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The “Didn’t Earn It” hall of shame gained two new nominees as a report singled out the latest elite university to get snared by allegations of plagiarism.

Policies and programs meant to deter faults in academic integrity at universities have appeared increasingly outside of the concern of hiring managers for those same institutions. Now, according to a 71-page complaint, the likes of since-resigned Harvard President Claudine Gay and diversity, equity and inclusion (DEI) officials at other schools could count at least two of six DEI deans from the Massachusetts Institute of Technology (MIT) among accused plagiarists.

Detailed by The Washington Free Beacon reporter Aaron Sibarium, MIT’s deputy “equity officer” Tracie Jones-Barrett and since departed diversity czar for the school’s Schwarzman College of Computing had both been hired in June 2021 as deans to fulfill a “DEI Strategic Action Plan.”

A thread from Sibarium on X broke down the complaint and began, “In 2021, MIT hired six high-level DEI officials. Two of them now appear to be serial plagiarists. One official, Tracie Jones-Barrett, copied an entire section on ‘ethical considerations’ from a classmate in her Ph.D program. Her dissertation’s title? ‘Cite A Sista.’”

A close look at the dissertation showed near matches between her 2023 work and others, including the 2020 work of a peer from Northeastern University’s Graduate School of Education, Emmitt Wyche III. She was also said to have pilfered content from Northeastern Ph.D. recipient Scott Fitzsimmons.

Meanwhile Anderson, who departed the school in 2023 to join the Boston Beer Company, was alleged to be caught similarly red-highlighted when her 2017 dissertation “#BLACKONCAMPUS: A Critical Examination of Racial and Gender Performances of Black College Women on Social Media” had swaths matching the work of Pillar College professor of counseling Mark Chae, Harvard Graduate School of Education professor Jarvis Givens and Indiana University-Purdue diversity official Khalilah Shabazz.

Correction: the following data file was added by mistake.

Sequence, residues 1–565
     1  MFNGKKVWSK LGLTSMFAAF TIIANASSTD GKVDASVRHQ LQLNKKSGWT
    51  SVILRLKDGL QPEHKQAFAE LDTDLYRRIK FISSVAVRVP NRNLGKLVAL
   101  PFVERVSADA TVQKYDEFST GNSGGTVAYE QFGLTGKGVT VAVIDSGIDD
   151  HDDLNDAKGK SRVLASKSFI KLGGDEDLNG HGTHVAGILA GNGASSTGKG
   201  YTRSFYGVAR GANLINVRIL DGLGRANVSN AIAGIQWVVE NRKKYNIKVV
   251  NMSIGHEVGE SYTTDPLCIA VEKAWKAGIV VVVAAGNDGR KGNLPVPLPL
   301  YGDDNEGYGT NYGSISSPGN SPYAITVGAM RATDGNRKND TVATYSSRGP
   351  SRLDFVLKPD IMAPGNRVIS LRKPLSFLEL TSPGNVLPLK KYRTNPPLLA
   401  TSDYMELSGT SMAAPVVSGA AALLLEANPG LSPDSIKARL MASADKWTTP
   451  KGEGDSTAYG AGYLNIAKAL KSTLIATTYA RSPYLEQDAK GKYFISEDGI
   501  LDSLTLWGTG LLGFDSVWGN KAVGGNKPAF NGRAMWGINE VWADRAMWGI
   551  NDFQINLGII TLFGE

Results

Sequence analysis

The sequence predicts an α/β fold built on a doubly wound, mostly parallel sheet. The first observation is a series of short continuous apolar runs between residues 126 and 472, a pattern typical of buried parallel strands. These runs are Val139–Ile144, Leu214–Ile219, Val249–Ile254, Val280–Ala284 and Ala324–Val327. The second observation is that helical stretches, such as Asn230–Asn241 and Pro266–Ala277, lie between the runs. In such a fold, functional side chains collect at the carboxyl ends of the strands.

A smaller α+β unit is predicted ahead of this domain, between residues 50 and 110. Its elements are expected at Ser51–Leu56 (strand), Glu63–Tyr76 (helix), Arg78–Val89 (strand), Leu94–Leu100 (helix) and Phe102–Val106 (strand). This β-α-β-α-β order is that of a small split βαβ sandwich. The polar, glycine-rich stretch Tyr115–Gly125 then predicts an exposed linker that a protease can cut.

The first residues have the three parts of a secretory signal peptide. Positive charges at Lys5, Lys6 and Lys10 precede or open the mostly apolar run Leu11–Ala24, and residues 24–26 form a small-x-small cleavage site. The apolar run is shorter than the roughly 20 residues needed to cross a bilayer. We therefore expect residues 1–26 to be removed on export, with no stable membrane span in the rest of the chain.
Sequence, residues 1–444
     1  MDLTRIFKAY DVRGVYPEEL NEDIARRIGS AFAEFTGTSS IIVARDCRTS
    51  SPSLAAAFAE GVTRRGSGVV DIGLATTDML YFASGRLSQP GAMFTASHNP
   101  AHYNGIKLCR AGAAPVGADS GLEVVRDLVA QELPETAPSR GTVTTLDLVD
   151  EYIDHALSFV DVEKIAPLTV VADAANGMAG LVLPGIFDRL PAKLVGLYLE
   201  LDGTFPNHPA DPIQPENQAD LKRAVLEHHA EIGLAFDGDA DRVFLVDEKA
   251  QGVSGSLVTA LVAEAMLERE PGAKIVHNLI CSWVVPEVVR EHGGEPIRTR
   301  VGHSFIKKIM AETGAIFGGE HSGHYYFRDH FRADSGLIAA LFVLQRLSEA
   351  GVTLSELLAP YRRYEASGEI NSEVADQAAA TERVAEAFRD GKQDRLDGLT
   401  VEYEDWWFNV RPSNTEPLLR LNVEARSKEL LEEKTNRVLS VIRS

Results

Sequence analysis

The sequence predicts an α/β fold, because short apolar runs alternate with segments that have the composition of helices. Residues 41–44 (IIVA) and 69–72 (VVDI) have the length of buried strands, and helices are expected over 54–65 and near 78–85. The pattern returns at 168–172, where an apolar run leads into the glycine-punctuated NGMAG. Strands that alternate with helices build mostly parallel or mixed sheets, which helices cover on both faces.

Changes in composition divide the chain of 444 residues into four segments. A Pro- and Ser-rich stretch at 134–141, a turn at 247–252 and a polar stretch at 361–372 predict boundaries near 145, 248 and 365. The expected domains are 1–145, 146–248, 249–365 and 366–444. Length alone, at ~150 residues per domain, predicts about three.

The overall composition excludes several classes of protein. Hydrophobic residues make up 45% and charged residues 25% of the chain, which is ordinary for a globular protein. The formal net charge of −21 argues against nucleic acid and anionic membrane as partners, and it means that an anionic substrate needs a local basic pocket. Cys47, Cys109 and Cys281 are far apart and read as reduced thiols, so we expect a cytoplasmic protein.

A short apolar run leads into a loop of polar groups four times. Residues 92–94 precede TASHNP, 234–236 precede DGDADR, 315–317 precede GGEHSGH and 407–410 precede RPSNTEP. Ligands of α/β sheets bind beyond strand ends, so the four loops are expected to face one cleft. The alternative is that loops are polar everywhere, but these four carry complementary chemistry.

Reacting to the complaint, Chae told the Beacon, “It would have been nice to at least get a citation! Anderson seems quite comfortable in taking credit for large portions of another writer’s scholarly work.”

Much like Harvard’s policy which led to the resignation of Gay no matter corporate media’s attempt to spin outrage over the allegations as a “new conservative weapon,” the plagiarism policy for MIT states, “If you use the words, ideas, or phrasing of another person or from published material, you must…Use quotation marks around the words and cite the source, or…Paraphrase or summarize acceptably and cite the source.”

“You must always acknowledge your sources by citing them,” it continued. “In this way, you have the right to use another’s creative output by giving that person credit for the work s/he has done.”

The complaint against the DEI officials came only days after it was announced that MIT would be doing away with requiring a DEI statement for faculty applications.

University President Sally Kornbluth had said in a statement, “We can build an inclusive environment in many ways, but compelled statements impinge on freedom of expression, and they don’t work.”

While statements from MIT, Northeastern and Boston College, Anderson’s alma mater, had not been provided to the Beacon regarding the complaint, Sibarium went on to note, “In total, the two diversity deans lifted about 10 full pages of material without attribution, according to the complaint, as well as dozens of shorter passages sprinkled throughout their theses,” as ample derision was piled atop the state of higher education.

Kevin Haggerty
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